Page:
Indo-Portuguese Museum, Bishop's House and Vasco's House, Ft. Kochi

Bishop's House and Museum Kochi. YouTub
Bishop's House. Kochi. /
 Above image :Image of Pope Benedict XVI at the Bishop's House just outside the Indo-Portuguese Museum, Ft. Kochi, Kerala, India................

Built atop a small hill close to the Parade ground, Kochi this grand Portuguese building with a large driveway was built in 1506 for the resident Portuguese Governor. Now, It houses the Bishop of Kochi and adjacent to the Bishop's House is the  Indo- Portuguese Museum and it an extension  built over the remnants of the old Fort Kochi.

The Indo-Portuguese Museum situated in Fort Kochi takes us back to the Portuguese colonial time and their impact in this region in terms of architecture art and culture.  The artifacts, etc on display here give you a glimpse into the Portuguese Colonial history here. The credit goes to the  late Dr. Joseph Kureethra, Bishop of Kochi, who put in sincere efforts to found this museum so that it will be beneficial to the posterity.  His main intention was to  protect and showcase the rich cultural heritage and Portuguese influence. It is to be noted that it was the  Portuguese Era that  established the very first major European  link with the Indian subcontinent that too on the coastal Malabar and later in Goa. The Indo-Portuguese Christian Art heritage has a long history and is well preserved here.

This heritage Museum has five sections  all related to Christianity as adopted by the Portuguese Catholic Christians - Altar, Treasure, Procession, Civil Life and Cathedral.  A piece of  16th century Altar made of teak wood  from the Church of Our Lady of Hope, Vypeen, a chasuble (19th century) from Bishop's House, Fort Kochi, a  17th century processional Cross made of silver and wood  from Santa Cruz Cathedral, Fort Kochi, Indo-Portuguese Monstrance (18-19th century), from the Church of Our Lady of Hope, Vypeen. 

Kochi, Indo-Portuguese museum. YouTube
Above image: Indo-Portuguese Museum, Ft. Kochi, 17th century processional Cross from the Portuguese Church............................. 

The sculptures, precious metal objects and vestments from, the Cathedral of Santa Cruz and other churches of the Kochi diocese are all on display and they are grand in style.  They were donated by the Calouste Gulbenkian Foundation. Most of them are religious in nature, apparently salvaged from the old Portuguese churches. Of particular interest is the old locks native to  Kerala, called the ‘Manichitrathazhu’. They were, it is believed,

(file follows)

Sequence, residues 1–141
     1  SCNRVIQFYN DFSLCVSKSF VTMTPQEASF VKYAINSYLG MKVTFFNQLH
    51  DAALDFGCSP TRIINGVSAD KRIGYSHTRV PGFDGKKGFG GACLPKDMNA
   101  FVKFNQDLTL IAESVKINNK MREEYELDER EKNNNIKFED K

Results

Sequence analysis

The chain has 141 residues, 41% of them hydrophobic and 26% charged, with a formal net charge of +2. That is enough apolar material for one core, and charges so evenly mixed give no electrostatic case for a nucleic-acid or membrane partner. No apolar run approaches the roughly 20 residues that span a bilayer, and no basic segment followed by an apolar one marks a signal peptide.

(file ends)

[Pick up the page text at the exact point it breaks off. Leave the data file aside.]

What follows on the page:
old Door lock native to Kerala.
found on  the old doors of the mansions. They have symbols of all religions engraved on them! When you visit the museum.
Visiting Hours: 10:00 to 17:00 hrs. Closed on Mondays and all Public Holidays.

 01. During the Portuguese period, Ft. Kochi was called  Ft. Emmanuel  Except some remnants, the fort is almost damaged because of many battles and raids.

02. The Calouste Gulbenkian Foundation, Lisbon, Portugal  is a Portuguese institution under private law and of general public utility, perpetual in nature, with its statutory purposes spanning the Arts, Beneficence, Science and Education. Set up by the last will and testament of Calouste Sarkis

 Gulbenkian, who bequeathed his assets to the country in the form of a foundation with its statutes approved by the Portuguese state on 18 July 1956. Their operation is worldwide. Contribution is by way of investments and donations. (vide: https://en. Calouste Gulbenkian_Foundation.

Vasco House in Ft. Kochi (a brief note):

It is  believed to be the residence of Vasco Da Gama who first discovered the sea route from Europe to India in May 1498 and it is also considered to be  one of the oldest  Portuguese
Vasco house, Kochi.
styled houses in India. Vasco House, as it is called, is a major tourist attraction in Kochi and is  very close to St Francis Church.  Built in the early 16th century,  it has European styled glass windows, balcony and veranda, besides high ceiling quite typical of that time.  It is made of laterite and granite stones using lime-sand mix for plastering work. It was built in such a way as to reduce radiation inside during the hot summer period.